operating system allowed revisions of files to exist and to be referenced in "views" based on the configuration criteria. The idea here was, not just to be able to store baselines in the VC system, but to be able to expose a view of these files just as if they resided in the file system of the Apollo Domain platform. When Apollo was bought out by one of it's competitors (HP), DSEE started to die. But a group of developers formed Atria Software to create ClearCase, a product capable of running on many Unix platforms.
In the early '90s, Caseware unveiled Amplify Control, the forerunner of today's Synergy product (IBM). In parallel, a company called Polytron published its PVCS software, version control for the PC, including OS2. After numerous acquisitions, Serena became the owner of the PVCS suite, now ported to Unix and OpenVMS.
During the '90s, these companies tried to differentiate themselves: PVCS with it's strong PC base, ClearCase with its strong DSEE following and unique virtual object bases, Continuus (Synergy) with its flexibility, and CM+ with its full life-cycle capabilities. Each had severe handicapps to overcome through the '90s, while at the same time, the concept of GUI was defining itself. From early to later Motif (Unix), from Windows 3.0 to Windows 95 (PC), and with ease-of-use becoming important, all of these products survived and with flying colors, ending the '90s with some momentum.
The signs of a second generation CM tool (no longer called a version control tool), became somewhat clear but also somewhat varied. The user interface went from CLI (command line interface) to both CLI and GUI. The GUI was strong in the delta and merge tools, weaker from a management perspective, with a preoccupation of making merging easier. A couple of tools (Continuus and CM+) actually had some decent management capabilities from the GUI.
Control went from checkout and parallel control management to various Process control schemes, covering changes (updates/change packages), problem reports (defects/issues), usually implemented through scripting, triggers and file/data permissions.
The CM application suite widened from Version Control (VC, branching, delta, merge) and Make, to include Change Management with Updates/Change Packages, Build and Release Tracking, Problem Tracking, and even Requirements Management. The CM tool suite evolved as a combination of tools. In some cases, these were separate tools (database, version control, configuration management, change management, problem tracking, requirements management). In other cases they were all managed by a single tool on a single database. Most were somewhere in between. The big question: what's better - a consolidated monolithic tool, or the best of breed, glued-together applications, to provide some uniformity and traceability.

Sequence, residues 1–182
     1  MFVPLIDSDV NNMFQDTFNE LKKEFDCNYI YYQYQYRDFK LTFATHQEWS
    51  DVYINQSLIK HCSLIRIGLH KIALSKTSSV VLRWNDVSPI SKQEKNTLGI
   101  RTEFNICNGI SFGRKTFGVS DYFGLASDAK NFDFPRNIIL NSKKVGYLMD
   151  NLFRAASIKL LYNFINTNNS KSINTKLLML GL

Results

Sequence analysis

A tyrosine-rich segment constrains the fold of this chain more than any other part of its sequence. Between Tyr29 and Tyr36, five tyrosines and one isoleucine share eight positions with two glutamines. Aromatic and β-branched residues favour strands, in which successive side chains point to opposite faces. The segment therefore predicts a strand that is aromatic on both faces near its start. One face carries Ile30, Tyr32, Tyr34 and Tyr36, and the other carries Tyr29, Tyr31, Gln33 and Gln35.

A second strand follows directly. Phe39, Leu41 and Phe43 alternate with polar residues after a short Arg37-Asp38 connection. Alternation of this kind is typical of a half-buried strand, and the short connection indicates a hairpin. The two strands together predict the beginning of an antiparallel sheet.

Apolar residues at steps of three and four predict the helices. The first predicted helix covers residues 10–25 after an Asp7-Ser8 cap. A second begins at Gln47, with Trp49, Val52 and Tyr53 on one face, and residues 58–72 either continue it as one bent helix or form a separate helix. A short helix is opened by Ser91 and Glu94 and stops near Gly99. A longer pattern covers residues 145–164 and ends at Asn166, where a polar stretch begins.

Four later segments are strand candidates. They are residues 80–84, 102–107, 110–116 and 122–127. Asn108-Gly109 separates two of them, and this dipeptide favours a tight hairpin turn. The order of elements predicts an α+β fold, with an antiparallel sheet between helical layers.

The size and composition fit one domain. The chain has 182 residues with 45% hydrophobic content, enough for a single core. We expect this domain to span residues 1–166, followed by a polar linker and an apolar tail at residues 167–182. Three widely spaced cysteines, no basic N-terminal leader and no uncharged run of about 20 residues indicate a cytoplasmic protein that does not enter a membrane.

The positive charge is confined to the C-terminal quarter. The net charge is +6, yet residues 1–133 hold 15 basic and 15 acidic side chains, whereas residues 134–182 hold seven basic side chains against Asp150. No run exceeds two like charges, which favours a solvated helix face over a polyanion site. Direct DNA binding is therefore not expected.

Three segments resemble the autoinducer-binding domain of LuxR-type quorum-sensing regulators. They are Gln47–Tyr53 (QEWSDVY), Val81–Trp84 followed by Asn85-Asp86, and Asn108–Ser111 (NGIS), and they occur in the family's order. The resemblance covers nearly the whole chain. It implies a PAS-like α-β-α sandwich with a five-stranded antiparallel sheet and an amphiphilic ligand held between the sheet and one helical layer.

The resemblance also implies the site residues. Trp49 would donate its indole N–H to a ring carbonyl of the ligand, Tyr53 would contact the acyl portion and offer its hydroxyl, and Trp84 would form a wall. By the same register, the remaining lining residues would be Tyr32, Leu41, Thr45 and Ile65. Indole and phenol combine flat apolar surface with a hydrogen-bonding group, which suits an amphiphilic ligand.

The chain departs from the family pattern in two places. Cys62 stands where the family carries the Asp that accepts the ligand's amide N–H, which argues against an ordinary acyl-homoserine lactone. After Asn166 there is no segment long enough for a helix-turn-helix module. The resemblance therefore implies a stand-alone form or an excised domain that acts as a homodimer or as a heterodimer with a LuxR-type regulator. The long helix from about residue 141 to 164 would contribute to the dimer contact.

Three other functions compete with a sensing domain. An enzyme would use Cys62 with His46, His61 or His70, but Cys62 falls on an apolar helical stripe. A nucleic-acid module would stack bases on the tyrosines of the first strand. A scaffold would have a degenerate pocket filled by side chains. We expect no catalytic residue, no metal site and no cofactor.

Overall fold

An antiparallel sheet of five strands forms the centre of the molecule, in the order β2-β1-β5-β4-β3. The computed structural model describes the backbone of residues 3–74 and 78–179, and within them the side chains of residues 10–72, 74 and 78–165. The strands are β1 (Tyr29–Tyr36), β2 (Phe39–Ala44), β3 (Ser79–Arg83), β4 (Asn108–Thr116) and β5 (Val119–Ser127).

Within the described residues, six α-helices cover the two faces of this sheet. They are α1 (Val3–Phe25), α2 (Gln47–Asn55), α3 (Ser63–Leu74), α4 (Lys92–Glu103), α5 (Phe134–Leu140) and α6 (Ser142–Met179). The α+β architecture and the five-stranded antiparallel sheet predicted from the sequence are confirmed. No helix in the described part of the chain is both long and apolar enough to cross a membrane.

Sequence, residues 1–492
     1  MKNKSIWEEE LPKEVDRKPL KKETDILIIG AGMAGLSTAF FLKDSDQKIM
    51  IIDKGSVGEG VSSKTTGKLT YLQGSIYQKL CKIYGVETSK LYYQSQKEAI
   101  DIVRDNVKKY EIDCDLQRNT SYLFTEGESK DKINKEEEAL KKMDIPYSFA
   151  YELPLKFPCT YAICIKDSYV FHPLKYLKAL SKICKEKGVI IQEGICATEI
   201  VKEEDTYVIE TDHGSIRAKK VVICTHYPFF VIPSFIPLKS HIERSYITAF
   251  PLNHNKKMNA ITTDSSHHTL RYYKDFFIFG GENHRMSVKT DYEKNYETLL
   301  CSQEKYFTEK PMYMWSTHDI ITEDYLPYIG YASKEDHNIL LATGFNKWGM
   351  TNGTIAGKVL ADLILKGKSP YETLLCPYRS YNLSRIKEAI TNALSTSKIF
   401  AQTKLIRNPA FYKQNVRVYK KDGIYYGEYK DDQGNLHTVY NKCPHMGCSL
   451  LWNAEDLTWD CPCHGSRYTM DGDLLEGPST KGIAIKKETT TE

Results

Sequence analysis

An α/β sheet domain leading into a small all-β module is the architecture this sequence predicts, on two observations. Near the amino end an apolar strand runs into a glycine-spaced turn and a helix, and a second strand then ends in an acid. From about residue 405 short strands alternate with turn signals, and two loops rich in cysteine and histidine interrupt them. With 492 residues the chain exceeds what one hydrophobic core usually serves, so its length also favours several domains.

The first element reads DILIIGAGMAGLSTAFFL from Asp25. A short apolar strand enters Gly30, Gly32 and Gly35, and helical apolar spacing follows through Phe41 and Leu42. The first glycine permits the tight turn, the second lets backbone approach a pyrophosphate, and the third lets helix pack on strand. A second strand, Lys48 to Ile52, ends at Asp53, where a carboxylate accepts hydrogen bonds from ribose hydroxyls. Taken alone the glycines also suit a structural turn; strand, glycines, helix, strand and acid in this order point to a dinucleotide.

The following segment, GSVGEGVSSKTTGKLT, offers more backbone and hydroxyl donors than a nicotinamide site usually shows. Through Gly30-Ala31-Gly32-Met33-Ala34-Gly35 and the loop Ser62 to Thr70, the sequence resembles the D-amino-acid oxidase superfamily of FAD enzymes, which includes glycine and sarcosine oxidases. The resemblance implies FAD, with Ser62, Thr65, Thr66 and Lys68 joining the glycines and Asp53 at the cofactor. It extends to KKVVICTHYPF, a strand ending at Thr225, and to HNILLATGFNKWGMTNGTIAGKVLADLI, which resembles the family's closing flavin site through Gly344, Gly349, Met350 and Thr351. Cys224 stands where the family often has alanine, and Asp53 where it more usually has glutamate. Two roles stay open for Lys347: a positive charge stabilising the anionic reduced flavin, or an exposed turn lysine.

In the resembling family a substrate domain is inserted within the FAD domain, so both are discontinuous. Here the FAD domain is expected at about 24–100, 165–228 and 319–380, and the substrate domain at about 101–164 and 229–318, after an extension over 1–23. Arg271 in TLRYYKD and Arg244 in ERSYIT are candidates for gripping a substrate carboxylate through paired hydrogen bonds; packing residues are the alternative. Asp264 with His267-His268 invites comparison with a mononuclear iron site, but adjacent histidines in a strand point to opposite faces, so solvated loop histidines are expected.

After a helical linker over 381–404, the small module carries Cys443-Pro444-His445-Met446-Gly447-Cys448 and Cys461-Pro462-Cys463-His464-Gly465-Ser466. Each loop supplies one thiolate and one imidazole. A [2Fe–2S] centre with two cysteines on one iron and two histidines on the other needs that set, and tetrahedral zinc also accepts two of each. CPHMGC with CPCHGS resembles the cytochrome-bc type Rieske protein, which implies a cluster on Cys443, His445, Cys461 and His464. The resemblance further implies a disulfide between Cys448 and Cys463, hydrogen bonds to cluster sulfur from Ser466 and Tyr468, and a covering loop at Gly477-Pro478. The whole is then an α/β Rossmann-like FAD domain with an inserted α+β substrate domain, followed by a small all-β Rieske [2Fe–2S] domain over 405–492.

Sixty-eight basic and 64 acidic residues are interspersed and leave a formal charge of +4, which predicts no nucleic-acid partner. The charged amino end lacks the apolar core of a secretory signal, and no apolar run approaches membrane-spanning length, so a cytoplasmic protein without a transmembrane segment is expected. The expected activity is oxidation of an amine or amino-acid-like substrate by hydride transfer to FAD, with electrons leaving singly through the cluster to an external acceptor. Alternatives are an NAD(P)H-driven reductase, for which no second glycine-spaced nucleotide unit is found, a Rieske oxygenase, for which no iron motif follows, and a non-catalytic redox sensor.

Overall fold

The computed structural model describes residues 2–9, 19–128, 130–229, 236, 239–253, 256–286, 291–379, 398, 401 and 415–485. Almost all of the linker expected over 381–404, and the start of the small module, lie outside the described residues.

Other areas addressed by (second generation) CM included the ability to cope with multiple site development, the ability to serve the big development platforms (Unix, PC, Linux, and to some extent OpenVMS and mainframes), the ability to make tools more scaleable, and some improvements in reporting, query and status accounting.
The end of the 2nd generation of CM tools defined software configuration management fairly clearly to some, but to others, "everything is CM". Most commercial tools today are primarily 2nd generation tools with some emerging 3rd generation capabilities.
From CM to ALM, the 3rd Generation
Early in the decade, the term ALM (Application Lifecycle Management) started gaining steam. Perhaps this evolved from the PLM (Product Lifecycle Management) of the hardware CM world. But, quite independently, software CM requirements evolved into ALM requirements.
Because CM was and is a backbone technology, safeguarding both assets and processes within a software intensive organization, it was natural to extend its application reach